By Franklin Burroughs
Fifty years ago, we moved to Maine and bought our first home, an old and modest Cape Cod cottage — four small rooms downstairs, two smaller ones upstairs, under the rafters. A towering elm stood in the side yard, ridiculously out of scale with everything around it. The tree was much younger than the house. It was quite possibly planted in 1876. That would be consistent with its size, and that was America’s triumphantly celebrated Centennial Year, which also happened to be the year a winter storm blew down the famous Great Elm on the Boston Common. The coincidence occasioned a spate of patriotic elm planting throughout the country, and especially in New England.
As we settled in, Dutch Elm disease was killing off the last of the big local elms. Ours, still outwardly healthy, was doomed. You saw dead ones standing everywhere — in farmyards, front yards, along city streets. Most of them were roughly the same size as ours, and appeared to have been planted at about the same time, in a nation that had survived a savage Civil War and grown from 13 quarrelsome colonies into a continental empire over the course of a single century.
By 1968, our nation was again on the brink of disintegration, as though the dying elms portended the end of the American Experiment. But from the get-go, the prospect of imminent death has been what we signed on for.
Democracy never lasts long. It soon wastes, exhausts, and murders itself.
— John Adams, 1814
As the elms were disappearing and we were learning to live in Maine and an unwinnable war was raging in Vietnam, the Black Panthers coined their “power to the people” slogan, which was immediately appropriated by the anti-war movement. The idea behind the slogan has been deployed throughout our history. These days, neo-populists claim it, and with it, the mantle of the American Revolution: the Tea Party, the Liberty Caucus, the many self-styled militias in the mountain West. Whoever claims that legacy implicitly threatens violence against perceived Enemies of The People:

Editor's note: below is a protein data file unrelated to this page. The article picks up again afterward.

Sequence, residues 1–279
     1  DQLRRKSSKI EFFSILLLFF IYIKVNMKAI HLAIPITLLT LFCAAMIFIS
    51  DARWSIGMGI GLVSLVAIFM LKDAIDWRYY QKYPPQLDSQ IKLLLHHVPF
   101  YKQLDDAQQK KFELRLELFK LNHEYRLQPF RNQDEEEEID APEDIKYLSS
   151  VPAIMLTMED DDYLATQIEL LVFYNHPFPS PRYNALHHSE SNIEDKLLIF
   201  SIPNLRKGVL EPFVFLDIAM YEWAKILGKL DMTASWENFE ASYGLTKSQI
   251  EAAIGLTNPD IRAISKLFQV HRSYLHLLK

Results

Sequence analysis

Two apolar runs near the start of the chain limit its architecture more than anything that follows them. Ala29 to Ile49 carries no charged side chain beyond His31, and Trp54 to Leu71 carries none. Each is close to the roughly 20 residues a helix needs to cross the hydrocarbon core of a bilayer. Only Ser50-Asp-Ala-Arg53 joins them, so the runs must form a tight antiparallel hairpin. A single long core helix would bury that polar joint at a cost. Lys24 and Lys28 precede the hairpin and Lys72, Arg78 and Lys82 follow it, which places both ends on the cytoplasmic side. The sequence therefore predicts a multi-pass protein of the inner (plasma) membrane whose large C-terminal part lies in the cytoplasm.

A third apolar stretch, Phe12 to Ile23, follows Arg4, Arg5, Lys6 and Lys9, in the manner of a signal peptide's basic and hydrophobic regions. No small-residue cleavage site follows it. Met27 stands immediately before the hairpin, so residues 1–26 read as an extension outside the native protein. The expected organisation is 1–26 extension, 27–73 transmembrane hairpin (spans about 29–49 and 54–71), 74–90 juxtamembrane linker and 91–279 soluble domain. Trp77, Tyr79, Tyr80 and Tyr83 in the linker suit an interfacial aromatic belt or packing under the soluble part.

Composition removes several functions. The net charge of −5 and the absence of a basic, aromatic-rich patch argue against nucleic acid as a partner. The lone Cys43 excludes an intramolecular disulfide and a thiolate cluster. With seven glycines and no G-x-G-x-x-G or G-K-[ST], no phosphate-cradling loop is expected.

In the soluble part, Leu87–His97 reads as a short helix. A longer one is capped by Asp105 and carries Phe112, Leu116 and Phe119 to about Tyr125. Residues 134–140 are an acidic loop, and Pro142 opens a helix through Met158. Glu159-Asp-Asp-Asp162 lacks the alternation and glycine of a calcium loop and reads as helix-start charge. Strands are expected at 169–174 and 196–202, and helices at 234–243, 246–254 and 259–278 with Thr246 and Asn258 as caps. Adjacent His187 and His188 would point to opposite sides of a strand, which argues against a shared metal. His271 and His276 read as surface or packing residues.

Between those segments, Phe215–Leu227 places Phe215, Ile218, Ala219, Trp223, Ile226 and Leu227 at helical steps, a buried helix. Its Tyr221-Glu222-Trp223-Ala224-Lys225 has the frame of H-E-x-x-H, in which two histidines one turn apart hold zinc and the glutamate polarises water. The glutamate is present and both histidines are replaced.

The tree of liberty must be refreshed from time to time with the blood of tyrants and patriots. It is its natural manure.
— Thomas Jefferson, 1787
Back when all this got started, the Boston Common boasted another elm. It had been planted in 1646, which made it younger than the Great Elm, and it would die sooner. By 1766, John Adams, describing a meeting with other patriotic opponents of the Stamp Act, could refer familiarly to it as the Liberty Tree. Not long after that meeting, self-styled patriots hung effigies of Stamp Act proponents from its branches. Liberty trees were soon designated in other colonies. In Charleston, South Carolina, it was a majestic live oak.
During the war, Royalist forces chopped down the Liberty Trees in both Boston and Charleston, as though to destroy the rebellion at the root. Thereafter, New England’s elms, long cherished as ornaments, became symbols, providing not simply shade and a certain elegance to raw, unprepossessing little towns and ordinary farmhouses, but also asserting, in the quiet, persistent way of trees, the steadfastness and growth of a country and an idea.
New England Elms, long cherished as ornaments, became symbols, providing more than simply shade
I assume whoever planted the one in our side yard meant to celebrate patriotic and democratic notions. But I expect he also imagined the sapling growing and in time becoming the tallest tree around — a local landmark, evidence of the prosperity, preeminence, and rootedness of his descendants: that is, of their status as democratic aristocrats. “Democratic aristocrat” is, of course, an oxymoron, expressing another internal contradiction that has always been with us. Jefferson was one; Adams was the mirror image: an aristocratic democrat.
Even before we moved here, the effort to locate and propagate disease-resistant elms had gotten underway, and it continues. Thus far, this experimental undertaking cannot be said to have succeeded. Or failed.